For those who have passed rigorous application rounds and win that offer from consulting firms, big congrats! Take enough pride in yourself for winning the offer, but don’t forget just yet: Real challenges are actually awaiting at these firms’ threshold.
How to best present yourself on the first day to work? What to prepare for the first client meeting to be fruitful?
This article is here to help you make the most out of each and every consulting experience – from your very first shot.
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The notion of the first day can make your heart pound: you’re under the pressure of impressing your colleagues, standing out among the batch, or proactively networking with seniors.
It holds true that there are several extra miles that you, an enthusiastic newbie, should take. But stressing out is unnecessary. First-day is just another day, if you know what is waiting for you and prepare accordingly.
What to expect?
First day at work is more about listening attentively, rather than showcasing your assets. You will get through mostly on-boarding processes, HR paperwork and IT set up. The only occasions that you can actually make use of is probably:
When you get introduced to the key personnel
Or in the training sessions
Paperwork and IT set-up might sound trivial, and indeed it is: Signing contracts, fingerprint set-up, receiving company’s laptop, … etc, nothing challenging here.
However, that’s not a reason to underestimate these tasks and let loose. Instead, maintain the high-achieving mindset of consultants and finish them neatly and fast: small details count.
Carefully fill in the HR papers so as not to ask for a second one, take notice of IT instructions to set up your laptop without help, and wisely use your spare time to observe.
Above are the bare minimums that a wise consultant should do on their first day of work. However, there are more actions that you can do to achieve more advantages in this period, below will be some tips for new consultants you should know.
Tip 1: Behave with the right attitude
As mentioned, the first day, even the first weeks of your job would be mainly about listening and observing.
Be a sponge, squeeze in the office’s culture: understand the mechanics, the decision-making processes, how people are working with each other, and so on.
Watch and learn, because people don’t expect rookies to make a revolution so early. They expect you to catch up with their pace, which, in this fast-paced, high-achieving environment, is already a challenge.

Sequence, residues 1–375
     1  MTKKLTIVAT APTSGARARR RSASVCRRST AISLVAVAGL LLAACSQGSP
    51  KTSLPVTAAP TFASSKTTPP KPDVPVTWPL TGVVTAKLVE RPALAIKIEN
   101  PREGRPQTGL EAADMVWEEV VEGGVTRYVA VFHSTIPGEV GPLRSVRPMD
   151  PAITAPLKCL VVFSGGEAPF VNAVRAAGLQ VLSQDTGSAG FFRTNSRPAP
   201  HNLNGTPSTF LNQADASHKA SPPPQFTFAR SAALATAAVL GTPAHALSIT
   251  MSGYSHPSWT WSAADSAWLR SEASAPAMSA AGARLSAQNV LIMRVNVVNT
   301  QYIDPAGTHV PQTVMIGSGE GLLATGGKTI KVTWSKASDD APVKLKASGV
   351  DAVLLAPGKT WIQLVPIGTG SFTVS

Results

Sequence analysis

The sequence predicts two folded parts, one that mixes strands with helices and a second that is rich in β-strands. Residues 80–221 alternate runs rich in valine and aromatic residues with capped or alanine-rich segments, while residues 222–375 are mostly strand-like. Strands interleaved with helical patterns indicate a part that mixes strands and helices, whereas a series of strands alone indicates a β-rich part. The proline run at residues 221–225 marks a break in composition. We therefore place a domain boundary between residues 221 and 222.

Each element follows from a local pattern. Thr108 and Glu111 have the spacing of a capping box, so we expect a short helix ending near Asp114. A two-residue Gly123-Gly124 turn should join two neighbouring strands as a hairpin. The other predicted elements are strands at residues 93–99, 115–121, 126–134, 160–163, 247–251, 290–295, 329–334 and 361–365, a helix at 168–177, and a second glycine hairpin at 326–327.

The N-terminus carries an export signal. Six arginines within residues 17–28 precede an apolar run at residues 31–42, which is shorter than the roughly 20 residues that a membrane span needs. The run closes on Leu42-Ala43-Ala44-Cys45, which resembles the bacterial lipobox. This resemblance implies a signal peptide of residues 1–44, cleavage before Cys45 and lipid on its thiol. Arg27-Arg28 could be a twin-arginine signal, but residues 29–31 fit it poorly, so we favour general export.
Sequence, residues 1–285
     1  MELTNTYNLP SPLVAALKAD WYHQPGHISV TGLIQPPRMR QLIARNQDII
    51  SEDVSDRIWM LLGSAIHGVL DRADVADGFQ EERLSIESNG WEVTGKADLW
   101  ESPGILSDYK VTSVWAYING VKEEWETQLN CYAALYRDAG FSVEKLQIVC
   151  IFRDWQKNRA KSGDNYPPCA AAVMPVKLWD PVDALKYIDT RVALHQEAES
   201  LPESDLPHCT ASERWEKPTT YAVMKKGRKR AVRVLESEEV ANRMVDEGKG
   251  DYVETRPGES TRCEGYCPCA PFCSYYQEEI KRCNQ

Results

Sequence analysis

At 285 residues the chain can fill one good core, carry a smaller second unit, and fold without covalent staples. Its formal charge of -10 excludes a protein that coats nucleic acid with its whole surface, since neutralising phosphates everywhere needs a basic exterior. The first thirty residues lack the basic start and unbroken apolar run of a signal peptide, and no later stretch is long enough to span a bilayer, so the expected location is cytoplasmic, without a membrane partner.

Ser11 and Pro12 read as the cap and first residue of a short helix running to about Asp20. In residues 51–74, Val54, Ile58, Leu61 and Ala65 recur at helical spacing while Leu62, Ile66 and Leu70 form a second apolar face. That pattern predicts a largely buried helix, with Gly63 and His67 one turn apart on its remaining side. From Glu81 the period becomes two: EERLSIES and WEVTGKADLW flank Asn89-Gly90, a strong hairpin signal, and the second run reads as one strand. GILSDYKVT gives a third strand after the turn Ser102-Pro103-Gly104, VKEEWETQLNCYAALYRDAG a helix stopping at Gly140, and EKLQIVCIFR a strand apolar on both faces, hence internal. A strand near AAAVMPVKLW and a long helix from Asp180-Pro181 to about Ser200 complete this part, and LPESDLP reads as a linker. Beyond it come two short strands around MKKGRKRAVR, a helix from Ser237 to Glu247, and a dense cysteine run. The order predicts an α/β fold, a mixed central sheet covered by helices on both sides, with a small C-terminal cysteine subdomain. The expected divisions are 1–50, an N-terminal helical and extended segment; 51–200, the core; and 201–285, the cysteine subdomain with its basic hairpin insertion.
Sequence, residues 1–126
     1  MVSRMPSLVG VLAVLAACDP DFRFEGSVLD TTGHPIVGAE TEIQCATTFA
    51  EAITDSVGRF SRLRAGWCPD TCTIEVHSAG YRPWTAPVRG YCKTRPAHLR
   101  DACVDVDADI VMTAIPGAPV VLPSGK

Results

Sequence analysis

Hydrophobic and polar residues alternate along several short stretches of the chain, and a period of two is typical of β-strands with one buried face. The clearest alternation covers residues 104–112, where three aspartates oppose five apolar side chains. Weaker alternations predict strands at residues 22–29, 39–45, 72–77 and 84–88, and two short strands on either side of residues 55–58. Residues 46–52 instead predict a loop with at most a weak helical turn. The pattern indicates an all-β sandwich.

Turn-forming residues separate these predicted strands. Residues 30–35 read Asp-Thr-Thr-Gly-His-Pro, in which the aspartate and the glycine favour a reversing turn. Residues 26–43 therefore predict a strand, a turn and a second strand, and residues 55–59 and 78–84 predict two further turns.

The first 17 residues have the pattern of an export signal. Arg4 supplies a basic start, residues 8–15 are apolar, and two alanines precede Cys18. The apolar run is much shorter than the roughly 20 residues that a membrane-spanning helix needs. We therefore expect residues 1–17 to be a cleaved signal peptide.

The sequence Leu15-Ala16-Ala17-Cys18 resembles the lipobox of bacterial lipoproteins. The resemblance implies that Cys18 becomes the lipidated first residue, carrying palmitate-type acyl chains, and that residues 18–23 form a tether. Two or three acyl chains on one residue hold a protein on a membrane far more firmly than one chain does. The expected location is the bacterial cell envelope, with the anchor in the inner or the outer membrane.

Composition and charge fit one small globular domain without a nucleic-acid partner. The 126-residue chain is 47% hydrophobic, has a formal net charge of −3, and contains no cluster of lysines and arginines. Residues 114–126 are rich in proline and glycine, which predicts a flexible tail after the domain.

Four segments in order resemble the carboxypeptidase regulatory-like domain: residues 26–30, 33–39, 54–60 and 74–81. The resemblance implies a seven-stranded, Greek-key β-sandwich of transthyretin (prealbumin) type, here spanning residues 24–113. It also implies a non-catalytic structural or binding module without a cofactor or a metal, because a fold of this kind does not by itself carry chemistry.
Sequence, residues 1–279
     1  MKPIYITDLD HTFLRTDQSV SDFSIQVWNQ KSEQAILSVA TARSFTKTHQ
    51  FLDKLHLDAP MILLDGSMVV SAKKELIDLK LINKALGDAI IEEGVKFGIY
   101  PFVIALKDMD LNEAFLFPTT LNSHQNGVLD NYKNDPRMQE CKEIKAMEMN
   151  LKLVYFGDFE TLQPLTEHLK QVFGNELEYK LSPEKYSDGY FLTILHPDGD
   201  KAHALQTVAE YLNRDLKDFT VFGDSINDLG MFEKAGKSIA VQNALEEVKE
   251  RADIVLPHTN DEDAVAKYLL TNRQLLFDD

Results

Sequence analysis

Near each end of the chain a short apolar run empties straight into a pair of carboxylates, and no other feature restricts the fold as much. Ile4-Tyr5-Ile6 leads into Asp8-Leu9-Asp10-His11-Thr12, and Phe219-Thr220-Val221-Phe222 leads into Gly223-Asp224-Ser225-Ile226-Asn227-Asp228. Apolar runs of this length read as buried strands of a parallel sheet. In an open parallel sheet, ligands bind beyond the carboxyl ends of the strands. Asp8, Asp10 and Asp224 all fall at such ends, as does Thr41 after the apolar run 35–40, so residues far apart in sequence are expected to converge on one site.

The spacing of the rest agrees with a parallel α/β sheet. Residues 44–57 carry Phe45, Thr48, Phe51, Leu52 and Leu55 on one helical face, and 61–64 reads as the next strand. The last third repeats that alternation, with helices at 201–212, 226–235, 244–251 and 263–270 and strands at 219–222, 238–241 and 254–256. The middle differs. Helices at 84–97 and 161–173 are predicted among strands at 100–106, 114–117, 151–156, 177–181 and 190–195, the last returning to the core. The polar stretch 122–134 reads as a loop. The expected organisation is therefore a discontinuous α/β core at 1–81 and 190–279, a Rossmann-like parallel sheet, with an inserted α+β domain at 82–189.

That said, a proactive and winning fashion must be presented, rather than merely passive listening. Anyhow, the attitude with which you first bring to the office is important: it’s the most visible, and it sets the tone for your new chapter here at consulting firms.
Be curious, show your desire to learn, ask in-depth questions
Project good vibes and strong energy
Be friendly and respectful to everybody, not only high-level consultants but all your peers, junior consultants, support teams, …etc.
Patience, humility, and sincerity is needed. Don’t try hard to fake-it or anything. Don’t strike up conversations with everybody if you don’t feel comfortable. You have plenty of time to fit in and figure out the right mentality at work. So no rush, and be yourself!
Tip 2: Have a presentable appearance
Your appearance speaks much volume about your personality and your working style. You want to appear neat and tidy, polished and well-groomed.
Looking professional as a consultant involves more than just wearing modest attire. While dressing appropriately is essential, it's equally important to pay attention to personal grooming.
Simple acts like shaving, getting a neat haircut, and maintaining clean, trimmed nails can go a long way in presenting a well-put-together image.
Moreover, your communication style, behavior, and the energy you exude are also integral to your professional persona.
All of these indicate your dedication, thoughtfulness, and professionalism. Not only do they contribute to a favorable impression on others, but they can also boost your own confidence and self-esteem.
Choose an outfit that is sleek and tailor: Suit and tie for men, while a dressy suit is a safe option for women.